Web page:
Delta Airlines’ international passenger traffic up in 2008, domestic traffic down

Saturday, January 10, 2009, 15:03 by Aviation Correspondent

The passenger traffic at Delta Air Lines, based in Atlanta, Georgia, the United Sates, increased by 13.7% in 2008 thanks to a rise in international routes. However, Delta’s domestic traffic was down by 5.3% in the same period.

A statement from the company said that Delta Air Lines flew 123.1 billion revenue passenger miles. (Revenue passenger mile is an industry measure that represents one mile flown by one paying passenger.)

Capacity – also called available seat miles – went down at Delta Air Lines by 0.5%. Load factor – also known as occupancy – rose by 1.1 points to 81.5%.

Delta Air Lines and Northwest Airlines merged in October 2008 to become the world’s largest carrier. Delta operates domestic and international network, covering North America, South America, Europe, Asia, Africa, the Middle East and the Caribbean.

Delta Air Lines also said its passenger traffic was up slightly in December 2008 as compared with November 2008, mainly owing to increased international flying.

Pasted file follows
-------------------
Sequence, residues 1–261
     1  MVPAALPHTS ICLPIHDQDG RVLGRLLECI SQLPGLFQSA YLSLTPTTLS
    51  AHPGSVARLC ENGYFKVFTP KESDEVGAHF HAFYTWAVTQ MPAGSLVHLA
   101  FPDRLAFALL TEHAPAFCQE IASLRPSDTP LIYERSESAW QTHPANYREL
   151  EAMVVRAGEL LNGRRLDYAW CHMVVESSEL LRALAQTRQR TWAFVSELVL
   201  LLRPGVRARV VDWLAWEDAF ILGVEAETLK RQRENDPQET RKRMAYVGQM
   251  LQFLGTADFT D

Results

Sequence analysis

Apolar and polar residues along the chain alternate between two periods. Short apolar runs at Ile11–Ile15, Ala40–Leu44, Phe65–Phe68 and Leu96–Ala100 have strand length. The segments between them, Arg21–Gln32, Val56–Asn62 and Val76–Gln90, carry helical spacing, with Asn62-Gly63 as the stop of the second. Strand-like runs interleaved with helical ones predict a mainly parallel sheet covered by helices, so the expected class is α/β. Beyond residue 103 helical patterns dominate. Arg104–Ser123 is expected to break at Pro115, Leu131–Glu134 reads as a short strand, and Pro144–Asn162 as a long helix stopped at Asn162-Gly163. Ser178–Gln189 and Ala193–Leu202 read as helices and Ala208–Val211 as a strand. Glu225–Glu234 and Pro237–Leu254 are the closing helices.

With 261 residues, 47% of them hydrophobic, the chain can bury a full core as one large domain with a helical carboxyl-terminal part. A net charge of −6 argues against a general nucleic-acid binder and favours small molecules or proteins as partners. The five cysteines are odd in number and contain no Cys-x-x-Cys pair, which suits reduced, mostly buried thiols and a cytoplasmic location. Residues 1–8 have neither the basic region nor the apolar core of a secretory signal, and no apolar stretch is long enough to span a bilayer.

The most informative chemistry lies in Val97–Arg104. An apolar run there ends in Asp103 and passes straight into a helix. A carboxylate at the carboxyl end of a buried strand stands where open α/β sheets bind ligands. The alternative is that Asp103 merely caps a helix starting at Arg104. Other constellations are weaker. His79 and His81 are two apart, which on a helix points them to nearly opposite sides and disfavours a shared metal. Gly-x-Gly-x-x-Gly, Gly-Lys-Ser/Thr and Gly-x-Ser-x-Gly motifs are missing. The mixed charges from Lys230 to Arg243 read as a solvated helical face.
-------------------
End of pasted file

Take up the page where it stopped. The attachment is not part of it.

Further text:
However, the carrier’s overall capacity decreased by 2.4% in December 2008.

As for December 2008, traffic at Delta rose by 0.7% to 9.78 billion revenue passenger miles from 9.72 billion revenue passenger miles in 2007.

The December 2008 traffic at Northwest Airlines fell by 3.6% to 6.04 billion revenue passenger miles from a year ago.

The December 2008 capacity at Delta fell 2.4% to 12.2 billion available seat miles from 2007, and fell 4.5% to 7.38 billion available seat miles at Northwest Airlines.

Load factor in December 2008 rose to 80.1% from 77.7% at Delta, and to 81.9% from 81.2% at Northwest Airlines.

Separately, traffic at Northwest Airlines was down by 3.6% overall year over year.

The company’s statement explained that Delta’s domestic traffic was down by 5.3% in 2008 because airline reduced its domestic seats by 7.5% even while increasing international capacity by 14%

Delta said it scaled back domestic flying “because of stiff competition that has held fare prices and profits in check. International flying, where competition is less, is more lucrative.”

The airline added: “Delta Air Lines also cut domestic capacity to cope with oil prices which rose to a record peak of $147 a barrel in July 2008. Prices collapsed in the second half of 2008, and now Delta is contending with weak demand caused by a year-long recession.”

Meanwhile, Delta Air Lines has started fare sales in about 300 cities across the United States and Canada, including Salt Lake City, where it has a hub and 3,500 employees.

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